Mr. SMITH. Not to my knowledge. To my
Mr. DELAHUNT. I yield back. [Laughter.]
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Mr. CONYERS. I mean, here we have the whole issue of incarceration in America. We are building new prisons a mile a minute. We are subsidizing communities to build prisons. We have a terrible problem that the Judiciary Committee has jurisdiction over and we are casting this in terms of somebody is going to lose jobs. Well, I happen to come out of the labor movement and I want to defend every small businessman, entrepreneur, the labor union.
But here, gentlemen and ladies, we have got a circumstance here, the only one of the things that is most successful, and to have a lawyer representing these people say, well, they have blown it time and time again. They are administratively unreliable, so let us ditch the program. I do not buy that. I cannot buy that.
I am sorry, Mr. Chairman. This is a huge mistake that we are in the process of making and we are going to have toif you are not going to have any hearings, I guess we will have to hold some ad hoc hearings or resort to whatever processes there are available, but this is a totally unfair circumstance that we find ourselves in.
Now, if we are going to sit around and reasonably and intelligently discuss this issue, fine. But if we are going to come here where the deal is already set, then I understand what those of us who are thinking about what we do with these blokes that get out that cannot get jobs, that after they have paid their dues, they still are roaming the streets, and then within a few weeks, sometimes months, they are back in the slammer for the same reason they got there before. They did not have the training, the education, the skills to get work in this technological society that we find ourselves in.
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Mr. SMITH. Thank you, Mr. Conyers. I might add that while we all do not get all the witnesses we want, nevertheless, this is a hearing that gives Members an opportunity to ask our witnesses questions and there are witnesses on both sides of the issue.
The gentleman from Florida, Mr. Keller, is recognized for questions.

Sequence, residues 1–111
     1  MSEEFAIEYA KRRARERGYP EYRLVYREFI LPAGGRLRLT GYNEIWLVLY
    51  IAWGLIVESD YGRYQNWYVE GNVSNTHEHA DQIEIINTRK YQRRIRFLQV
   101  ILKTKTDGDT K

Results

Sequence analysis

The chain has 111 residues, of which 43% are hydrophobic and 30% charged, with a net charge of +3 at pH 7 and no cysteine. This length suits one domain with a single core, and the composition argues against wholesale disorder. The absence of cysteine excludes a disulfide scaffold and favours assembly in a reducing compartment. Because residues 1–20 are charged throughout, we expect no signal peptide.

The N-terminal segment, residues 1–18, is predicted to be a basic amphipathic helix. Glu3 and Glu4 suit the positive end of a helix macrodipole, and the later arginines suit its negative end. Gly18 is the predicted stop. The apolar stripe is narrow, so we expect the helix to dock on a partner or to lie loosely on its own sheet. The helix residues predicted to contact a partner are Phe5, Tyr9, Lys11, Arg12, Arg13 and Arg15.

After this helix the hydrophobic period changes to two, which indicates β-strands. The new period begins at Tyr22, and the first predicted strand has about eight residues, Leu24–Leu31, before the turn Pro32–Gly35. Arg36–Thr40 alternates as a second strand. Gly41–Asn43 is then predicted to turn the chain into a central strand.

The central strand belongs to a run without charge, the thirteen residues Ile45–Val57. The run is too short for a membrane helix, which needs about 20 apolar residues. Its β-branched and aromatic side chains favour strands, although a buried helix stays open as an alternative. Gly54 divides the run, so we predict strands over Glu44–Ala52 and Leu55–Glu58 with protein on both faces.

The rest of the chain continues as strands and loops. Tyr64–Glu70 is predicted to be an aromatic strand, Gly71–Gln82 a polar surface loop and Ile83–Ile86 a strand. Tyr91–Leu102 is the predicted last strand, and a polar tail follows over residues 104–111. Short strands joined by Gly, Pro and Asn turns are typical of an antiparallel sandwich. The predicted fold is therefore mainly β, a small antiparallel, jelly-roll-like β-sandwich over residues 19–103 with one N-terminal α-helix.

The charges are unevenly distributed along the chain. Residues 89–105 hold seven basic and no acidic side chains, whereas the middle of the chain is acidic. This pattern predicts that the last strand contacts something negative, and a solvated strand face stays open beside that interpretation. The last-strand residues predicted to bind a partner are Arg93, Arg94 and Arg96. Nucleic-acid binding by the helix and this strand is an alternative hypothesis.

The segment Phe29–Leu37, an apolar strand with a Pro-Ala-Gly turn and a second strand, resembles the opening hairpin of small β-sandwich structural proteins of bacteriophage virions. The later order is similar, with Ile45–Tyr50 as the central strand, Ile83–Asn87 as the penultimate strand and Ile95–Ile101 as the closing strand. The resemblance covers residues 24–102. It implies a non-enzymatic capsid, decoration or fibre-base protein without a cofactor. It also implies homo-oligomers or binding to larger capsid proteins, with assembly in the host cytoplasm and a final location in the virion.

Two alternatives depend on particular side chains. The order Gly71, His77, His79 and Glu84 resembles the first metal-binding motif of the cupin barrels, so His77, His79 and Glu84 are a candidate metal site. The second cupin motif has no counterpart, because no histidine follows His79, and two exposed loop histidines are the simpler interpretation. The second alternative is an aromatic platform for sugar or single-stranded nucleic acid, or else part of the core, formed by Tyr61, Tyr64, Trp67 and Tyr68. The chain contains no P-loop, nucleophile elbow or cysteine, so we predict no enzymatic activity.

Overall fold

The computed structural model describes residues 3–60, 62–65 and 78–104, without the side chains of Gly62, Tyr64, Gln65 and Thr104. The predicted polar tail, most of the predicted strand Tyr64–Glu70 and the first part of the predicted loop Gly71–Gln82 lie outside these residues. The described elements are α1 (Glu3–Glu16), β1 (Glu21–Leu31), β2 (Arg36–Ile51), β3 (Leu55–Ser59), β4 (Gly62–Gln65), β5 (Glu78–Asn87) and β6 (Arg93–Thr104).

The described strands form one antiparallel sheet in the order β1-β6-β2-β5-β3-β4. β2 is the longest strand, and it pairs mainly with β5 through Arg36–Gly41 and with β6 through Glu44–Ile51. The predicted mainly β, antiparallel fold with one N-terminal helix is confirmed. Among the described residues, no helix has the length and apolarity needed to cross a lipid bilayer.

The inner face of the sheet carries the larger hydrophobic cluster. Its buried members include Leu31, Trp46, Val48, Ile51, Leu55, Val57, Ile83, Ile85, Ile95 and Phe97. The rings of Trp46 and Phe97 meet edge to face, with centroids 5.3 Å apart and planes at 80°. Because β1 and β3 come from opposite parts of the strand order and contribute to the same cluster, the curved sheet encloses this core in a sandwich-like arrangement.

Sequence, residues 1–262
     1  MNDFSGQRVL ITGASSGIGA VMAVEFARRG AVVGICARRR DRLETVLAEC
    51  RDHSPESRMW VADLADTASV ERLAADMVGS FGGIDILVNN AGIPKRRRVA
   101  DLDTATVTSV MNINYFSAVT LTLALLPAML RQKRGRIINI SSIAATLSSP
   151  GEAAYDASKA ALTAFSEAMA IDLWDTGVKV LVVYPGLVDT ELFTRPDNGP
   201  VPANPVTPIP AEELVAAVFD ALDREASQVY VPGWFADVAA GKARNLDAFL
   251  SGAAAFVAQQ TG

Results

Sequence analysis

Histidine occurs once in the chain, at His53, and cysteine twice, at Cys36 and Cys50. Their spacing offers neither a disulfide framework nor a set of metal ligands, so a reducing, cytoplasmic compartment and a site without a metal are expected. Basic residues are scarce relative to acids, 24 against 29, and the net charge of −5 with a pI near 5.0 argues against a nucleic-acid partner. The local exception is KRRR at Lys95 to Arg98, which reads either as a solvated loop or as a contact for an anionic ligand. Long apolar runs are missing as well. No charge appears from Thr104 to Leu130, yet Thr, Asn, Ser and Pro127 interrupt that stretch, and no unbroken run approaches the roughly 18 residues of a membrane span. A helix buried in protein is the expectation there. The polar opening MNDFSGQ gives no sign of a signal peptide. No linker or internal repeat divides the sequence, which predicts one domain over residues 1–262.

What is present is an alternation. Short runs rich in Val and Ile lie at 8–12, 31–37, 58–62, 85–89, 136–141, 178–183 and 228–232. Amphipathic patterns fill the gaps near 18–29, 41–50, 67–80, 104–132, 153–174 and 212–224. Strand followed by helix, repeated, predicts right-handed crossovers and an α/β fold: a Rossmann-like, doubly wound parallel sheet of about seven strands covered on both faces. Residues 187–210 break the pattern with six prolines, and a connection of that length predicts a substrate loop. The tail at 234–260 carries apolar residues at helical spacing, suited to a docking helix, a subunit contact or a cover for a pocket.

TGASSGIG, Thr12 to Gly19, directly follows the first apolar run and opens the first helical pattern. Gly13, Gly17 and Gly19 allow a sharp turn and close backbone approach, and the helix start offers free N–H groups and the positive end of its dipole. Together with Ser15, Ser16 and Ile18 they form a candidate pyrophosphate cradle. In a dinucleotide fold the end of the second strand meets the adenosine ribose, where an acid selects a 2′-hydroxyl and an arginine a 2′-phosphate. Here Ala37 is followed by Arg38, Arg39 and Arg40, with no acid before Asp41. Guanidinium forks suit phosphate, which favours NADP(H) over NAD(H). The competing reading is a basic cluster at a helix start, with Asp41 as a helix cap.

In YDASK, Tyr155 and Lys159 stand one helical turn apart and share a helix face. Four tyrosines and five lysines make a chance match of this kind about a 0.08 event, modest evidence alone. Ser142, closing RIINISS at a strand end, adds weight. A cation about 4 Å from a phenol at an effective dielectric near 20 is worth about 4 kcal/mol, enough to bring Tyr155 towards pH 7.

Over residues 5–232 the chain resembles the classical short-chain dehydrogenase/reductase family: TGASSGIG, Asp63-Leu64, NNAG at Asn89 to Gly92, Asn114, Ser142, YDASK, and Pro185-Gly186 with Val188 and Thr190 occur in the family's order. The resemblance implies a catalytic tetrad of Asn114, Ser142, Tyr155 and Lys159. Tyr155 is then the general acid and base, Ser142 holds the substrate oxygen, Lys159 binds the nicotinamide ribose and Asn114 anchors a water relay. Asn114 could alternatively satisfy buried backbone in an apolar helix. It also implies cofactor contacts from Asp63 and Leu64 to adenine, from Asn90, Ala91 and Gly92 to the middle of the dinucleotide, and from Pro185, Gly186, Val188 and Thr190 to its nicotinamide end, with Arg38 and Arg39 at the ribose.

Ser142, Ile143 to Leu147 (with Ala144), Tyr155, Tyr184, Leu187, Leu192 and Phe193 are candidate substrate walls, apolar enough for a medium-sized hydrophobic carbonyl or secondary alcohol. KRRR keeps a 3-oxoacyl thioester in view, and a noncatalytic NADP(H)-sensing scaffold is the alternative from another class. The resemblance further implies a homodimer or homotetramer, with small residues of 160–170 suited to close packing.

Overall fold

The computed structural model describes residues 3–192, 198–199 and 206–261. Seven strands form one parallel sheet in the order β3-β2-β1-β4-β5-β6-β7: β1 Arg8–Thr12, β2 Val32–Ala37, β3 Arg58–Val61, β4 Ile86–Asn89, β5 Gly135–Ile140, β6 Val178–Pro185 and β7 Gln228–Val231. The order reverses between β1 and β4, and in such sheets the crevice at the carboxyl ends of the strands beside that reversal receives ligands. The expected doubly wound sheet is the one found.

Mr. KELLER. Thank you, Mr. Chairman. I am going to pass.
Mr. SMITH. Okay. The gentleman from Massachusetts, Mr. Delahunt, is recognized for questions.
Mr. DELAHUNT. I thought you were going to forget me for a minute, Mr. Chairman.
I am new to this issue, so I do not have any preconceived notions. But I want to pick up on the theme, I think, that Mr. Conyers struck. Whatever the program is, our focus, our efforts, and our resources ought to be to attempt to lower the recidivism rate and to return the inmates back into the community with appropriate skills. I guess the question is, and I am just asking it rhetorically, I am not asking it to anyone here, are we doing that? Are we achieving that? What is the recidivism rate?
I respect what you say, Mr. Glover, in terms of management of prisons. In my previous life, I was the prosecutor in the metropolitan Boston area and I had the responsibility of investigating and prosecuting crimes within the maximum security prison and several other prisons, so I am very familiar with that and I know those tools are necessary.
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But I am sitting here and I am listening to Mr. Mansh and he is talking about apparel. I mean, I think the reality is that we can recognize that there has been a substantial decline in terms of the apparel industry and manufacturing in this country. You know, to have inmates learn skills that are not going to be suitable to them when they are released from prison, I do not know if that really makes a lot of sense.